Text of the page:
Neuroscientist Prof Seth Grant explains how genetics gave rise to the modern human brain, and how the very complexity that characterises our brains makes them vulnerable to neurological diseases that reveal themselves in mental illness. Presented by Dr Shane Huntington.
Accounting standard setter and reformer Sir David Tweedie discusses the importance to national economies of global standards of corporate reporting and valuation. He also explains the challenges to having such common standards adopted by individual nation states. Presented by Eric van Bemmel.
Public governance and health care reform researcher Assoc Prof Helen Dickinson describes the benefits of getting doctors into positions of leadership in medical organisations and national health care systems. Challenges include luring candidates from the clinic to the executive suite, and providing training to doctors in managerial methods. Presented by Eric van Bemmel.
Cultural historian Prof Jo Labanyi discusses accounts of atrocities and persecution that took place during and after the Spanish Civil War, and explains why 75 years after war's end the memories of the period are so highly contested. Presented by Elisabeth Lopez.
Stanford economist Prof. Anat Admati talks about how poor regulation and a lack of political will are endangering the global banking system, and why banks remain âaddictedâ to debt to fund their often highly profitable business. Presented by Eric van Bemmel.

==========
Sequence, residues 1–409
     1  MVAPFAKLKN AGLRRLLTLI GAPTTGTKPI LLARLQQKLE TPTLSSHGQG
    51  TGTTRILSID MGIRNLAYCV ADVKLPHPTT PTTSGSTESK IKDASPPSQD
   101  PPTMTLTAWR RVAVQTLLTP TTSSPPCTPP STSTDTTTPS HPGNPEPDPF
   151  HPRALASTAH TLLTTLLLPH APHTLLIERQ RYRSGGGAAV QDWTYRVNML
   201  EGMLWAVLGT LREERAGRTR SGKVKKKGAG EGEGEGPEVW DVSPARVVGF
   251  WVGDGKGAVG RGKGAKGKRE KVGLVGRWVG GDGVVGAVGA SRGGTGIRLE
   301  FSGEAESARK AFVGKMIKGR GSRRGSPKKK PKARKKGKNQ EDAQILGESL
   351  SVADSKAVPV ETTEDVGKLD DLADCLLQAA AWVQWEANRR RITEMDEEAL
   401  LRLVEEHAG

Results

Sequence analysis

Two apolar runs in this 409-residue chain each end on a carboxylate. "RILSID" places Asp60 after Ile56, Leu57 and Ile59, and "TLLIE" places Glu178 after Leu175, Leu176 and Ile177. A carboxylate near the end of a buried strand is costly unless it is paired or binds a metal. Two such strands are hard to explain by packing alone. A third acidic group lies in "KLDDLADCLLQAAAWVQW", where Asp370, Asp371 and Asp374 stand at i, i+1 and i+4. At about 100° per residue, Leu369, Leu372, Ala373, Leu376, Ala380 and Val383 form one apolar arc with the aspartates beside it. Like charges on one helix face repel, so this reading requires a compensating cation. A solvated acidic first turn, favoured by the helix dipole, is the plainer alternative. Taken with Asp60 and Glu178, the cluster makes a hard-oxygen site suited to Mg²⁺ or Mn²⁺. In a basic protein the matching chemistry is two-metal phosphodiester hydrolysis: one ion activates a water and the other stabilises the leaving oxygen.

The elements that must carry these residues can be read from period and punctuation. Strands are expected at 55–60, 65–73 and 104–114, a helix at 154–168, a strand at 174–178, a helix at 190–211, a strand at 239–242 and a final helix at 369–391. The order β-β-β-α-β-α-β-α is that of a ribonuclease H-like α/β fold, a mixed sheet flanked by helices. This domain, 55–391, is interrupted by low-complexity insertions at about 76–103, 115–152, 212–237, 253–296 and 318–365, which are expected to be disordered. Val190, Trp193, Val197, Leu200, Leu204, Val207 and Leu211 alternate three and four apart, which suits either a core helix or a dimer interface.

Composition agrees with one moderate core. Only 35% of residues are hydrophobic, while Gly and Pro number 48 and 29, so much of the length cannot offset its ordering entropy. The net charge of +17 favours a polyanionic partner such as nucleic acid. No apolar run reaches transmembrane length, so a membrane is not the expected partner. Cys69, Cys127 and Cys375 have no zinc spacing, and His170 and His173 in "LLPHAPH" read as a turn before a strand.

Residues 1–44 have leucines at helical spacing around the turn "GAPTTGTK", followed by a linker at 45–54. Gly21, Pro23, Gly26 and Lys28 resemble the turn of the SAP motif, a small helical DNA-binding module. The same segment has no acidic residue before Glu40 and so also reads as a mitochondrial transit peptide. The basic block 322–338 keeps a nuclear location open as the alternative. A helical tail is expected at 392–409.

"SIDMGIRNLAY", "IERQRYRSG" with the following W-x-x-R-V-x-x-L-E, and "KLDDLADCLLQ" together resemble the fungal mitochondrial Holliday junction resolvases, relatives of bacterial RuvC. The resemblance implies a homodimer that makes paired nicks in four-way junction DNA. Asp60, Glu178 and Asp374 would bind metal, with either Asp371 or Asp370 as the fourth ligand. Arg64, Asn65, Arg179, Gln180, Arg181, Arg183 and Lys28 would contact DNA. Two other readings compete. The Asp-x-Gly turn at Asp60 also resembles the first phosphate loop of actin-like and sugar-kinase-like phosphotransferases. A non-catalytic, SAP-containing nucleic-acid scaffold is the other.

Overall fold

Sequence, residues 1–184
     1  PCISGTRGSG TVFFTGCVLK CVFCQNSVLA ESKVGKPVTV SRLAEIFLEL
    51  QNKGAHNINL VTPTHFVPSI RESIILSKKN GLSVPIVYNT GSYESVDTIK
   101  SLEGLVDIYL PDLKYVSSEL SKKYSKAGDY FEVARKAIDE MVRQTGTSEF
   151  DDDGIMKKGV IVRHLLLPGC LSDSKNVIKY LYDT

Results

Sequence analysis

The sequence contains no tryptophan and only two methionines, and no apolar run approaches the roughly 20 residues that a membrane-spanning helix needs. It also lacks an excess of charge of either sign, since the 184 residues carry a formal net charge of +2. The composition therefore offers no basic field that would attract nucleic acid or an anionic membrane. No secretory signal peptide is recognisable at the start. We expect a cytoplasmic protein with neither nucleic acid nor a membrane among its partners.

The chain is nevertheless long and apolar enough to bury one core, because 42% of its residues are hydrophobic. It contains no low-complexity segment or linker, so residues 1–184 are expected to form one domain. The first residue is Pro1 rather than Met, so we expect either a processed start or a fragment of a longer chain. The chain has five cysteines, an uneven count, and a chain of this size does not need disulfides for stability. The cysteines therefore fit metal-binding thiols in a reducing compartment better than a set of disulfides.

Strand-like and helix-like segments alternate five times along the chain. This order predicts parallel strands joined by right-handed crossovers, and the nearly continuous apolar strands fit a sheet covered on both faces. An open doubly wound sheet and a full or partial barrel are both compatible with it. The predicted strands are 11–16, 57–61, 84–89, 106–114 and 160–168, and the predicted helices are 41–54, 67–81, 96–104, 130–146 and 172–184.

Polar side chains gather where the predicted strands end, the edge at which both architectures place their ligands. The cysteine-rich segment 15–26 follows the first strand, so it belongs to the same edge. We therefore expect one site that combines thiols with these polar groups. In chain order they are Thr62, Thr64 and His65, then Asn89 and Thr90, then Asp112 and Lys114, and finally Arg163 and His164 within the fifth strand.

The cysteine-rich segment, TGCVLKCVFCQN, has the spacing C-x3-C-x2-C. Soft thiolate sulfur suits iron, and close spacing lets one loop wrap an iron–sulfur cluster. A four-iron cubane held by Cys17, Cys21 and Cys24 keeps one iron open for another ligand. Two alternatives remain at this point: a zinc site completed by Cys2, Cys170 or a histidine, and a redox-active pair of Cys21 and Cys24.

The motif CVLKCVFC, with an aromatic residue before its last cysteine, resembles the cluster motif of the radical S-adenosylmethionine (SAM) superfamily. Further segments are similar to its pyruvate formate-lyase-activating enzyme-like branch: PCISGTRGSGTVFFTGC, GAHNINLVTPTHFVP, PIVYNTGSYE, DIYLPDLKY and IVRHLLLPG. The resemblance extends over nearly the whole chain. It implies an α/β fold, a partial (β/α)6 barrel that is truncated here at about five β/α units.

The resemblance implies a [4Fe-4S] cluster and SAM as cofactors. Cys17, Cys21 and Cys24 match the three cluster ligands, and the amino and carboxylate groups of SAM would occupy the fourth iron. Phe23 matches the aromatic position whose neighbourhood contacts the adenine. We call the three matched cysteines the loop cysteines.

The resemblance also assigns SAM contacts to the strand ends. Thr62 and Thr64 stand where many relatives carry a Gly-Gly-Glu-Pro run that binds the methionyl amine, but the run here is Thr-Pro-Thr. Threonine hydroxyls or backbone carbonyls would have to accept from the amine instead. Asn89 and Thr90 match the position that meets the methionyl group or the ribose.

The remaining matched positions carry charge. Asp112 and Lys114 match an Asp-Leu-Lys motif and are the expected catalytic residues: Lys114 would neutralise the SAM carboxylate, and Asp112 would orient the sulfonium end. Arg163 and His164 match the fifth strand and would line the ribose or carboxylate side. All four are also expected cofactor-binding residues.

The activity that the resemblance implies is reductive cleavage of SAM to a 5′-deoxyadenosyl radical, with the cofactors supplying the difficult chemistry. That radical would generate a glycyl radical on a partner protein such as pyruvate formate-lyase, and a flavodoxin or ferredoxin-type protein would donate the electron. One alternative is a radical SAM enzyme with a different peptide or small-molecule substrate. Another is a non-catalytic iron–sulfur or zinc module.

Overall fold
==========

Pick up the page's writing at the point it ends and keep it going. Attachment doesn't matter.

Sociologist Prof. Nikolas Rose explores how scientific developments have changed conceptions of human identity and governance, and what this means for our political, socio-economic and legal futures. Presented by Lynne Haultain.
Conservation ecologist Assoc. Prof. Brendan Wintle considers the difficult questions and dilemmas that arise in decisions around species and ecosystem conservation, and whether a monetary value can or should be applied to nature. Presented by Dr Dyani Lewis.
Social policy researcher Prof Karen Rowlingson discusses the growing inequality in income and wealth in the developed world, how it's researched, and its implications for society and individuals. Presented by Lynne Haultain.
Human rights and international law expert Professor Hilary Charlesworth, says that Australia's appointment to the UN Human Rights Council gives the country an opportunity to examine its own human rights record.